DK is a junior at the University of Southern California, but also a transfer from the University of California, Santa Barbara.
At UCSB, DK had many friends who surfed, and while she didn’t participate she was surrounded by the culture:
“My surfer friends had a lot of really weird vocabulary. They used to call people ‘kooks,’ almost always to make fun of them, and eventually I understood that it described kids who don’t really know surfer etiquette or are new to the sport, so in everyday life it’s just someone who’s a spaz or disrespectful, kind of oblivious.
“‘Frothing’ is another one they’d use a lot, which is just a synonym for excited, like you’d say ‘I’m so excited for dinner, I’m absolutely frothing!’ They use it to describe wave sets a lot.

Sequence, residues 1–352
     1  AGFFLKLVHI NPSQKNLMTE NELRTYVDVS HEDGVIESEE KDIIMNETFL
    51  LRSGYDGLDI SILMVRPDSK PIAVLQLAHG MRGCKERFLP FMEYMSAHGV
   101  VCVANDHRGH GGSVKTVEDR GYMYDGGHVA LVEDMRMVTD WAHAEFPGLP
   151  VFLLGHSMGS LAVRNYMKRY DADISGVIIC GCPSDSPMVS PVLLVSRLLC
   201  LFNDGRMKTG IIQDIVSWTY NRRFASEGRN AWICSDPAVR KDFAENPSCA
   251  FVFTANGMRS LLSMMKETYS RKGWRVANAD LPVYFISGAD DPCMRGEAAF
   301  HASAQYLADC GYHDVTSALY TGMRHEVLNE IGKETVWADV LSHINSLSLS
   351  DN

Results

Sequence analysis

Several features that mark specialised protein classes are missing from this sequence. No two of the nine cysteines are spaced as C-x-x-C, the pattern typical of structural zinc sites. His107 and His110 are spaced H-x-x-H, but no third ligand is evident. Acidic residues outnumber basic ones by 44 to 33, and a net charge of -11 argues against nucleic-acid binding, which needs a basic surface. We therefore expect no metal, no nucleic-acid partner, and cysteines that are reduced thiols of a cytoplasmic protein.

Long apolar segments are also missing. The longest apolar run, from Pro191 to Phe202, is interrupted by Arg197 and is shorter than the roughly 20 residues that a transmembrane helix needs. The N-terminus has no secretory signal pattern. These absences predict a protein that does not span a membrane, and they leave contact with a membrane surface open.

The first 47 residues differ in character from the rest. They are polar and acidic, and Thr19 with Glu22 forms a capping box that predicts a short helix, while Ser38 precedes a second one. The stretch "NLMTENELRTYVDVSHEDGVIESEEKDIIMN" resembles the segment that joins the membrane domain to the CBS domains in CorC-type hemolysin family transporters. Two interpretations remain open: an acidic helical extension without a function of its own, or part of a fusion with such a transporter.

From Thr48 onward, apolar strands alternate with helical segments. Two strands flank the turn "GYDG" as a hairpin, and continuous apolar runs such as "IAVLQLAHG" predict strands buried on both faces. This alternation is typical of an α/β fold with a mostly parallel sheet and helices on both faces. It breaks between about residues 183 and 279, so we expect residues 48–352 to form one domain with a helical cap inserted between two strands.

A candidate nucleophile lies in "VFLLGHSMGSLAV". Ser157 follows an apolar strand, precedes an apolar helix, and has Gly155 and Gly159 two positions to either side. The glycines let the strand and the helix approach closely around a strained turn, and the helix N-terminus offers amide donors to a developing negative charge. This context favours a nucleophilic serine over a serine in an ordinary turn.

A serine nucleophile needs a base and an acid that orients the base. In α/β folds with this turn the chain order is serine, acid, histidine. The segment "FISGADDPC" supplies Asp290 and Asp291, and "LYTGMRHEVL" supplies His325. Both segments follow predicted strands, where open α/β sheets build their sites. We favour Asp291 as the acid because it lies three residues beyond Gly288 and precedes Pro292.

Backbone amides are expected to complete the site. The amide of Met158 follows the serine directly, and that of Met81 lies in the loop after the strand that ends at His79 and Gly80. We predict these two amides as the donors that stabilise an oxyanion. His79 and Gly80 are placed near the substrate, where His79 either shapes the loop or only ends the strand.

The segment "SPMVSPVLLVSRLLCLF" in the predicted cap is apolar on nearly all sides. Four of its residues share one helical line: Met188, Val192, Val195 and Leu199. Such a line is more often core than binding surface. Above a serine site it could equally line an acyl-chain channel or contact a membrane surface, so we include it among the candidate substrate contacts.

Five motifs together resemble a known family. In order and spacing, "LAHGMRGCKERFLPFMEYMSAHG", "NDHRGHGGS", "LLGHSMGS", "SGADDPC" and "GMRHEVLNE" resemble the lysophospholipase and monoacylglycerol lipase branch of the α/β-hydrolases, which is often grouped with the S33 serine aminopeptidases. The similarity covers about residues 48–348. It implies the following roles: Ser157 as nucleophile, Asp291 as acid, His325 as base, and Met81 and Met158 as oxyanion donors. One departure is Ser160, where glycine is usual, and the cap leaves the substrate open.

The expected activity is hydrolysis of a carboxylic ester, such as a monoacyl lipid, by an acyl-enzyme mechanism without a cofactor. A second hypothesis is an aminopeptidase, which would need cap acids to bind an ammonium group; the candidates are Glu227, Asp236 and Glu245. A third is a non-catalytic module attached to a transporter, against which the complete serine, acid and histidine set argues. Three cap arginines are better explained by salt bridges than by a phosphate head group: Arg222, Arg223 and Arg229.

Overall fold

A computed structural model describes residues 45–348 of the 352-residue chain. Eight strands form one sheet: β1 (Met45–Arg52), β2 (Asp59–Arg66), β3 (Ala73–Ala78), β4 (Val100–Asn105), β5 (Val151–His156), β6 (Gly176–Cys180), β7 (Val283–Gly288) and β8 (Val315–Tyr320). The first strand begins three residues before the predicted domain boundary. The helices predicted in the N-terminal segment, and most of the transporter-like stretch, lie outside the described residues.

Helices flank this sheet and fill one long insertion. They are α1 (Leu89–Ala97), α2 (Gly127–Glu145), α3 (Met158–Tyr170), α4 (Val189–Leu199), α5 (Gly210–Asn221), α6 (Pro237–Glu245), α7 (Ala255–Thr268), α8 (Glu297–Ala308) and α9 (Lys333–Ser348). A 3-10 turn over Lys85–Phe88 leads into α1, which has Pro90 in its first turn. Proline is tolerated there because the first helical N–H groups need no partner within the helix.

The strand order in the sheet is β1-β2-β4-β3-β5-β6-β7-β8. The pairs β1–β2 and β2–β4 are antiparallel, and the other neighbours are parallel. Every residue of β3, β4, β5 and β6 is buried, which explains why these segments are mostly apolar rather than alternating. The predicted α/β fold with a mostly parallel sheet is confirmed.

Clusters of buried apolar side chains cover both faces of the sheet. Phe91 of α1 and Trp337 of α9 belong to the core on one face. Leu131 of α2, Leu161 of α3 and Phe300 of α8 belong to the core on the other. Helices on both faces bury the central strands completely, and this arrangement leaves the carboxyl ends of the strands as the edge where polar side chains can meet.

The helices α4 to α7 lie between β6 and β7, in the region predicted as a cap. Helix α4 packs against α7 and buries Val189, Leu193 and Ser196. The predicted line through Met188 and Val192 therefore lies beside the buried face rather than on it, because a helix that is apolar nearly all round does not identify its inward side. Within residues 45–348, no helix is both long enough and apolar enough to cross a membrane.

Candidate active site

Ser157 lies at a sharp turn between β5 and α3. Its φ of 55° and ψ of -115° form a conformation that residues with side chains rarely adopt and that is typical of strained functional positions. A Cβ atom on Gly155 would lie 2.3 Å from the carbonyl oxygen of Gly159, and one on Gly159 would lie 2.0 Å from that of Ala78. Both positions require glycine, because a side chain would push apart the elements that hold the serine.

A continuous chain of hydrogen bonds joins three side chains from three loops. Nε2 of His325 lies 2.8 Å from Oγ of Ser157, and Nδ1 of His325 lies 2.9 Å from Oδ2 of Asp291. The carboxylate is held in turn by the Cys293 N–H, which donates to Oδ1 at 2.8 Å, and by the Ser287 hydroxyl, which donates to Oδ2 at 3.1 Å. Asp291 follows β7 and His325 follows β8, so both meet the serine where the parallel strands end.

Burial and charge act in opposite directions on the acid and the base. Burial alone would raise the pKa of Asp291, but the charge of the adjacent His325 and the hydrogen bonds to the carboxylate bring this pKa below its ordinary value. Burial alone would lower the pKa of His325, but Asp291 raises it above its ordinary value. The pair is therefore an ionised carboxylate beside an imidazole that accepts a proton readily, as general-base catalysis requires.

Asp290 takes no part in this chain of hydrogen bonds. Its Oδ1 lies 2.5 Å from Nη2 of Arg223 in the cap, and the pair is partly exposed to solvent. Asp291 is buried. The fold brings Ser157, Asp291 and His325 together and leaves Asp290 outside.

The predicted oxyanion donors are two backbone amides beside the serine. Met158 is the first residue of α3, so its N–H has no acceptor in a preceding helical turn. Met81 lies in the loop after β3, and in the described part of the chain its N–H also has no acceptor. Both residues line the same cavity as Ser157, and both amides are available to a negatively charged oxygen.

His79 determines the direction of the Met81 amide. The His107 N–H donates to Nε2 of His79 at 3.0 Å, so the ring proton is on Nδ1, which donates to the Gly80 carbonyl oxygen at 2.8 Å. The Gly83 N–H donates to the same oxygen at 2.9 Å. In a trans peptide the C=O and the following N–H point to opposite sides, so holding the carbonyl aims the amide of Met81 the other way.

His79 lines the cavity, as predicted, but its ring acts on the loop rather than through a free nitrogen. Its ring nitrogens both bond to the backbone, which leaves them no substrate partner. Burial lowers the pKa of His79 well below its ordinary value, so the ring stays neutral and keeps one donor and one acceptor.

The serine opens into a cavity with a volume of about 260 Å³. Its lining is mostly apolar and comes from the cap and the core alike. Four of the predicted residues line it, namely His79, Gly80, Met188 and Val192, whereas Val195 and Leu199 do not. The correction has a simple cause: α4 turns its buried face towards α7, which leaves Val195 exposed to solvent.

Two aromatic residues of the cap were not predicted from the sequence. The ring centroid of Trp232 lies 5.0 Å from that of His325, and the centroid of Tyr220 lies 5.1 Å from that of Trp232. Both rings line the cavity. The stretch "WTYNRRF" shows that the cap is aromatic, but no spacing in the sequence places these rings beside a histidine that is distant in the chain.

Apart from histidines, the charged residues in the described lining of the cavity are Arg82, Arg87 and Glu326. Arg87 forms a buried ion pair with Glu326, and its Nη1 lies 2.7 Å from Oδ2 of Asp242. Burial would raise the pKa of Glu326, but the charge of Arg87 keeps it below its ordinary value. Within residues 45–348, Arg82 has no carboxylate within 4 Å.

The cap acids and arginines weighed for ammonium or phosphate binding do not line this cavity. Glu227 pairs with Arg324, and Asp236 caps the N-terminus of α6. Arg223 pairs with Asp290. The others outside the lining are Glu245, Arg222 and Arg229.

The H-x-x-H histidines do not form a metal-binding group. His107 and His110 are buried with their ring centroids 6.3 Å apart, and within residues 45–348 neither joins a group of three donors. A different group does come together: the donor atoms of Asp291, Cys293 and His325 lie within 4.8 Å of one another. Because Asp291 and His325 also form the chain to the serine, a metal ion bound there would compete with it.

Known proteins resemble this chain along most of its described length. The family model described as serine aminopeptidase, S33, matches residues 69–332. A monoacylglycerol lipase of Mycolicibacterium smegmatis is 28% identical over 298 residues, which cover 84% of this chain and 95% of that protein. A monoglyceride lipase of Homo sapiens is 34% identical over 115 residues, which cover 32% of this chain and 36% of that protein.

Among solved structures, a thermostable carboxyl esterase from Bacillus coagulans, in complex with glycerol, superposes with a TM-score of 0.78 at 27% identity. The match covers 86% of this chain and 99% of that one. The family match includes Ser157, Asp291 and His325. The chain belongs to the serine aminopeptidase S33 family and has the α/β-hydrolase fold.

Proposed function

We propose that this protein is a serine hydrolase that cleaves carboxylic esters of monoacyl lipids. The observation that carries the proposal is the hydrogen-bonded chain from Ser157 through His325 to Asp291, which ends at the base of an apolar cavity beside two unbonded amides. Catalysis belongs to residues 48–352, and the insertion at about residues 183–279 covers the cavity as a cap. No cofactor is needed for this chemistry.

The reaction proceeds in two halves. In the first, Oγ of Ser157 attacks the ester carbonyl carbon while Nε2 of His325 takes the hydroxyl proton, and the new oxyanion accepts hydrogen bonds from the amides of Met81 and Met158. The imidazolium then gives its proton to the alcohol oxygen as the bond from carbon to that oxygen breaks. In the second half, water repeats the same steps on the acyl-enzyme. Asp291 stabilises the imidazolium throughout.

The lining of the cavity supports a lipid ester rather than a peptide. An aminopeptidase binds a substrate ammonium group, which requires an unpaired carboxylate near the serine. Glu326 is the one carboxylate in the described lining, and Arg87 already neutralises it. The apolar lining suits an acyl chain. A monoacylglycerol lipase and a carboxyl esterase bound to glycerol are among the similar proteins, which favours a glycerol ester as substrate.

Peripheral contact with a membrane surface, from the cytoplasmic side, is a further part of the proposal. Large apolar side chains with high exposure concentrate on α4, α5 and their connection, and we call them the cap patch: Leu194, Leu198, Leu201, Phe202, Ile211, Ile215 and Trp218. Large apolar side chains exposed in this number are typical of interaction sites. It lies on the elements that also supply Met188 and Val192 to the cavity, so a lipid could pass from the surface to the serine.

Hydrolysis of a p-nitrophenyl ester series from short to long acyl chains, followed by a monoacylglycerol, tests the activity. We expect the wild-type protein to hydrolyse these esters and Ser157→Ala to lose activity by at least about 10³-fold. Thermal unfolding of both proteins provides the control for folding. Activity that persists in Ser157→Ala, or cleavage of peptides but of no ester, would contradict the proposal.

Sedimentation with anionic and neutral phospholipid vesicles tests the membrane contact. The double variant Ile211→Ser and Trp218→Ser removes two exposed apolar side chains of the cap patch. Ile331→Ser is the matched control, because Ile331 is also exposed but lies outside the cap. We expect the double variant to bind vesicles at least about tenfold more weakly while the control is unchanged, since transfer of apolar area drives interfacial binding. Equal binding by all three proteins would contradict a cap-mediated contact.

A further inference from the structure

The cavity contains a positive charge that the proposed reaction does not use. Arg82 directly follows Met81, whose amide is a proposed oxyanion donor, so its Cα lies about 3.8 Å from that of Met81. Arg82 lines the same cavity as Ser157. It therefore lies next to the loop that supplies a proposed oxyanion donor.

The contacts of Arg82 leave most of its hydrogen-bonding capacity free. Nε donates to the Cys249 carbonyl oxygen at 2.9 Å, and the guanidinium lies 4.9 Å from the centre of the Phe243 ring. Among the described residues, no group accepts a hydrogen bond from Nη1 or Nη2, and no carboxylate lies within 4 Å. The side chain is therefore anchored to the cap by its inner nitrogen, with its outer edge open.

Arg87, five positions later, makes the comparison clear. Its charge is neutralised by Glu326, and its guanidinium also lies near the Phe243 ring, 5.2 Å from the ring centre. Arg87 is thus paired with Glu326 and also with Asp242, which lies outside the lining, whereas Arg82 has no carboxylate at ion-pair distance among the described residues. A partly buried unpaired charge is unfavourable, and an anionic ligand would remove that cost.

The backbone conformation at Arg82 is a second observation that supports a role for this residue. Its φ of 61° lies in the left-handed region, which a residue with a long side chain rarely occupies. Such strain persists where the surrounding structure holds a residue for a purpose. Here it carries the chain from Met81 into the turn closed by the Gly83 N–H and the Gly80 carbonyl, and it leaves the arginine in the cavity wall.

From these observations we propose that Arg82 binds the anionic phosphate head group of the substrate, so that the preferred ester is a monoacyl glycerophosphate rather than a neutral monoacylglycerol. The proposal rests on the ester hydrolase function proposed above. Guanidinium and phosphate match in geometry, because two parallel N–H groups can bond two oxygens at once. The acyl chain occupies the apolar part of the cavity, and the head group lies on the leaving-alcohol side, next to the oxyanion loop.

“One I really liked was ‘grom,’ and when I went surfing with them one time they kept calling me that. It’s kind of similar to ‘kook,’ I think, except not so much someone who’s disrespectful. I think it’s mostly for people who are new to surfing or just a really young and excited surfer.”
Groups that bond over a common activity always seem to have their own culture, and DK gave me some great examples of vocabulary that would only be understood by people who surfed. It’s interesting to see how the words are applied both out in the ocean and in everyday life, and surfers are constantly drawing comparisons between the two worlds. DK also said she’s heard surfers at USC use the same language, but sometimes with slightly varied meanings. I’ve also heard of different surfers using different “lingo,” and there seem to be regional differences even in Southern California, depending on where your local spot is. Hawaiian surfers don’t use the above vocabulary, and Manhattan Beach surfers aren’t going around saying “shaka.”